Projecting the NFL Draft: AFC West

Tuesday March 10th, 2015

logos-afc-west-800 Analyzing the problems and draft solutions in the AFC West.

 

 

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Broncos’ Problems

By Andy Benoit

 

With Peyton Manning coming back and Demaryius Thomas having been saddled with the franchise tag, general manager John Elway’s main focus should be finding a tight end to replace Julius Thomas, who is all but guaranteed to land elsewhere in free agency. That will mean finding someone who is flexible enough to line up anywhere in the formation and force a defense to tip its hand prior to the snap.

 

After that, addressing other skill positions should take a back seat to shoring up the offensive line. With Orlando Franklin headed to San Diego, there’s a need at left guard and center. Because new head coach Gary Kubiak’s zone running scheme is so specific in offensive linemen requirements—mobility tops the list—it’s feasible to fill these spots with veteran stopgaps. A center such as former Texan Chris Myers comes to mind.

 

Defensively, a stout middle linebacker would be nice, but it’s not mandatory given Danny Trevathan’s coming back healthy and the emergence of Brandon Marshall. Both have the agility to play in the nickel sub-package, which is the new base defense in pro football. To help keep these linebackers clean, Elway should re-sign the light-footed Terrance Knighton (though reports indicate that won’t happen). Without Knighton, nose tackle becomes the most important defensive need. Lastly, free safety is the thinnest position, as Rahim Moore and Quinton Carter are both unsigned. Given the amount of man coverage the Broncos play, their free safety must have the range and awareness to be a deft centerfielder in single-high coverages.

More NFL Draft Projections: AFC East ... AFC North ... AFC South

 

Broncos’ Solutions

By Andy Staples

 

With Terrance Knighton probably taking all the pot roast elsewhere, the Broncos need a powerful presence at the point of attack. Washington’s Danny Shelton would be ideal, but he’ll be long gone by the time Denver selects at No. 28. Fortunately for the Broncos, Florida State’s Eddie Goldman might still be available. Goldman is 6-foot-4 and 336 pounds, but he moves like a much smaller man. He’s quick enough to split a double-team and strong enough to make an opponent regret a decision to block him with only the center. Goldman won’t merely take up space. He’ll make plays.

 

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Should Rahim Moore walk, the Broncos will be in the market for a free safety. They might be able to pick up former Ole Miss star Cody Prewitt at No. 59. Prewitt’s 4.6-second 40 at the combine might scare some teams, but he turned in a 4.47-second 40 at his pro day last week. Another possible use for this pick is at slot receiver. There should be several quality options. The best is probably Kansas State’s Tyler Lockett, who rarely failed to get open even though defenses knew the Wildcats would be targeting him. Lockett also is an excellent kick returner. Other potential options are Miami’s Phillip Dorsett and East Carolina’s Justin Hardy. It’s also possible one of these guys would be available when the Broncos pick in the third round. The Broncos also might want to use a mid-round pick on Goldman’s Florida State teammate Josue Matias, who could fill a guard spot vacated by Orlando Franklin. Or they could use that pick on Lockett’s college teammate B.J. Finney, who would bring football’s best flat top to the middle of the offensive line.

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Chiefs’ Problems

By Andy Benoit

 

The Chiefs desperately needed a wideout last offseason but chose not to tap into arguably the best receiver draft class in NFL history. They still need a wideout, even after signing Jeremy Maclin, who will be their No. 1. Maclin can run, but another speedster who can stretch defenses even more would do wonders for an offense that has survived almost solely on Andy Reid’s shrewd play designs, which mostly feature misdirection concepts that highlight running backs and tight ends. In such a system, it’s more important that receivers be able to reach the right spots rather than consistently beat defenders one-on-one. It’s not mandatory to put a stud receiver opposite Maclin, but, of course, doing so would only expand the system’s capabilities.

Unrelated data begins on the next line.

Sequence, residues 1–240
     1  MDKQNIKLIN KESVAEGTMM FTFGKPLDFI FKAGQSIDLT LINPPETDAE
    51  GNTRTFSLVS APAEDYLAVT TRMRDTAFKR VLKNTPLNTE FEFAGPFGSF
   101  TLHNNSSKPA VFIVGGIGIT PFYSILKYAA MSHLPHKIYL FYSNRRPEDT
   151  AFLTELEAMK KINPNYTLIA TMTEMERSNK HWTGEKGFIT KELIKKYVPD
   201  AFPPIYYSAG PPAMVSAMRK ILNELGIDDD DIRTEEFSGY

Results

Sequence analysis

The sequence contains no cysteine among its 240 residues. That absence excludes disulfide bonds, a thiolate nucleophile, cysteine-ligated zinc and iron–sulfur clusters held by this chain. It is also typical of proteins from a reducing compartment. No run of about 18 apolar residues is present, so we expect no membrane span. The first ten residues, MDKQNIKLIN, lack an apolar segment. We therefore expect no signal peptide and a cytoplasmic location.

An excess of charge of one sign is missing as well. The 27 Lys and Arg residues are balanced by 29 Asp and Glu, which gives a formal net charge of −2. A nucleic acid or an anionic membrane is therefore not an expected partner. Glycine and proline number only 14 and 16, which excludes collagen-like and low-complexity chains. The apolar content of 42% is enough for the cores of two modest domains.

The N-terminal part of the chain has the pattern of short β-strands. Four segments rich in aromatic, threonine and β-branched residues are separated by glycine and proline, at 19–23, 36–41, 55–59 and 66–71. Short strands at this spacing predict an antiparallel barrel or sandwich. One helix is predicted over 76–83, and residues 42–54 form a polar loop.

Expect Reid and Dorsey to address wide receiver only after they address the offensive line. Rodney Hudson is a huge loss (especially given that he’s signing with division rival Oakland). Hudson was the fulcrum of the front five and one of the best centers in football. Now there’s a gargantuan need at the position. Guard Jeff Linkenbach and right tackle Ryan Harris are also free agents, but replaceable ones. Of the two positions, Linkenbach’s is the one more likely to be addressed in the draft.

 

Franchise tagging Justin Houston nullifies any need at outside linebacker. Recall that the Chiefs already planned ahead here by drafting Dee Ford in the first round last season. He had a quiet rookie season but figures to contend for Tamba Hali’s starting job in the near future. The secondary needs to be reloaded; three players (the versatile Ron Parker, slot veteran Chris Owens and backup Kurt Coleman) are now free agents, and three others (Sean Smith, Jamell Fleming and the increasingly dimensional Husain Abdullah) will be free agents in 2016.

 More NFL Draft Projections: AFC East ... AFC North ... AFC South

Chiefs’ Solutions

By Andy Staples

 

The Chiefs need help at receiver and on the offensive line, and their place in the first round (No. 18) probably will dictate how they use that pick. Most of the elite receivers probably will be gone—though the Chiefs might be able to pick up Arizona State’s Jaelen Strong or, if they’re comfortable with his serious off-field issues, Missouri/Oklahoma’s Dorial Green-Beckham—and some very good ones will be available to take in the second and third rounds. So the Chiefs would be better off picking an offensive lineman. But which one? Pittsburgh tackle T.J. Clemmings probably has the highest ceiling, but he’s unpolished because he’s relatively new to the position. Iowa’s Brandon Scherff played tackle in college but might have a better skillset to play guard in the NFL. But in a pinch, he probably could play either. He also might be gone at this spot. Florida State’s Cam Erving might be considered a reach this high, but he could play all five positions, and, given the Chiefs’ needs, that might offer the best value and the most flexibility.

 

At receiver, East Carolina’s Hardy is a sure-handed playmaker who could be available in the third round. Or the Chiefs could shoot for a receiver in the second and grab Florida State’s Rashad Greene, one of college football’s most reliable playmakers for the past four seasons.